Published: 19-11-2021 16:01 | Updated: 14-01-2022 13:43

Nobel Calling- seminar on climate and environmental change and children's health

Tobias Alfén and Line Gordon at Nobel Calling Stockholm 2021
Line Gordon and Tobias Alfvén presented research on climate change and global child health during the Nobel Calling-week. Photo: Private

Line Gordon and Tobias Alfvén participated in Nobel Calling Stockholm 2021 with a lecture arranged by Karolinska Institutet and Stockholm Resilience Center at Stockholm University. Focusing on the United Nations Panel on Climate Change (IPCC)'s latest report, the current state of knowledge about climate and environmental change and how this affects the world's children was summarized and discussed.

Line Gordon, head of the Stockholm Resilience Center and professor in sustainability science at Stockholm University and started the lecture with an overview of the ongoing environmental and climate changes. She spoke about the change in the global temperature, that has been stable for a long time, but that today is higher than in the last hundred thousand years. Humans strongly affect the climate and during the anthropocene - the human age- one can see several socio-economic and earth system changes. In the last 50 years, there has been a huge increase in socio-economic trends such as world population, telecommunications, international tourism and more. The earth system is also changing with radical increases in methane and carbon dioxide, she said.

The IPCC report Climate Change 2021

The latest IPCC report Climate Change 2021: The Physical Science Basis addresses humans impact on the climate.

This is what the IPCC says about the current situation, according to Line Gordon:

  • There is no doubt that humans cause warming in the atmosphere, sea and land.
  • The change is faster than previously thought and extends across all continents and regions.
  • Extreme weather is becoming more common (heat waves, floods, droughts and storms) due to human activities.

Continuing the report explains future scenarios:

  • We can avoid 2 degrees warming and possibly 1.5 degrees if we make extensive and rapid cuts of greenhouse gases. Every tenth degree is important!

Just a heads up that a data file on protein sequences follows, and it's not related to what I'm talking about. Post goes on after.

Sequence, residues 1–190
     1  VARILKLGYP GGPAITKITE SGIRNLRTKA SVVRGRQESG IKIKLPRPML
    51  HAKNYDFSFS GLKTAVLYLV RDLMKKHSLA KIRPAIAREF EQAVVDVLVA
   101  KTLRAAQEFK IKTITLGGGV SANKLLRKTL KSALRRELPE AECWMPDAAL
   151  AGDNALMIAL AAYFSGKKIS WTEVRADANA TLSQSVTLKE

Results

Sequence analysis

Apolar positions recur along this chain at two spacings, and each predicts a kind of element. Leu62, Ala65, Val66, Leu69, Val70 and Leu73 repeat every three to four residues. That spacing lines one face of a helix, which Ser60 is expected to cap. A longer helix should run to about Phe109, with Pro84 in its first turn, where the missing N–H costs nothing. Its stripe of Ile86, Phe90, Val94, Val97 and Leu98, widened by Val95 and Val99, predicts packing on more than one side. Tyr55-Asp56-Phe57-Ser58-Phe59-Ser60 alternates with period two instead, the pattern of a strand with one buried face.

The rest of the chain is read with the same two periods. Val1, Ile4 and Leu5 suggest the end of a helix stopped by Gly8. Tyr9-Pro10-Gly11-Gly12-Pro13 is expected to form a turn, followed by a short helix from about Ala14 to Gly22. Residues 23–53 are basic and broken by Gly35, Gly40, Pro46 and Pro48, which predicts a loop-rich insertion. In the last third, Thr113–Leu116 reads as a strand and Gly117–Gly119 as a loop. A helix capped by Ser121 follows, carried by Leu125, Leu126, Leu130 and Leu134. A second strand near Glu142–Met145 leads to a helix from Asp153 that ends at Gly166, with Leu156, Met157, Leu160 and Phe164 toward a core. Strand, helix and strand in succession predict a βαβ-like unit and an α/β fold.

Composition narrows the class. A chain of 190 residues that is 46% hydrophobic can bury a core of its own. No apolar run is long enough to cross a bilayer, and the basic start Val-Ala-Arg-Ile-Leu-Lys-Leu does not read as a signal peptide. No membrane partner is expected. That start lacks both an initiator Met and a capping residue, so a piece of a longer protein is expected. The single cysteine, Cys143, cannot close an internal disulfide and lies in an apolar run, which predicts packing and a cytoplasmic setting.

• Sea and land will not be able to absorb as much greenhouse gases in the future.
  • Some consequences are not reversible within thousands of years (for example, ice melting and sea levels rising).
  • Extreme weather is becoming more common: heat waves, droughts and precipitation.
  • Children born today will experience many more extreme events than of those who were born in 1960.

Line Gordon concludes by emphasizing that the situation is extremely serious, but that 10 billion people can live a good life on the planet if transformative change is taking place. 

Portrait of Tobias Alfvén. Photo: Andreas Andersson.
Tobias Alfvén. Photo: Andreas Andersson

Climate change and child health

Tobias Alfvén, at the Department of Global Public Health at Karolinska Institutet and a pediatrician at Sachsska Children's Hospital, continued the lecture by discussing how climate change affects children's health globally.

Together with colleagues, he has summarized the state of knowledge about the impact of climate change on children in Climate change and child health: a scoping review and an expanded conceptual framework published published in The Lancet. The analysis includes 371 articles between the years 2000–2019, where it can be concluded that the number of articles and the research interest has increased.

Direct effects on children's health

To start with, climate change will have direct effects on children's health, says Tobias Alfvén. Temperature changes hit children in low-income countries the hardest and lead to heat stroke, kidney and lung problems. Changing daytime temperatures will also lead to increased infectious diseases. Rain and floods lead to increased mortality when children drown, and infectious diseases such as malaria and diarrhea.
Children are also affected by droughts and forest fires that cause respiratory and infectious diseases as well as mental illness. Drought leads to malnutrition as cultivation is made more difficult, especially in the poorest countries.

A well-studied area is air pollution caused by increased heat that leads to increased mortality and morbidity.

Finally, climate change leads to socio-economic vulnerability where societies that do not meet the most basic needs risk extreme poverty and reduced opportunities for education, says Tobias Alfvén. In summary, children are exposed to different climate risks but there is an inequity where the world's poorest countries are hit the hardest.


The lecture took place on Monday 4 October at the Nobel Prize Museum in Stockholm.

See the lecture here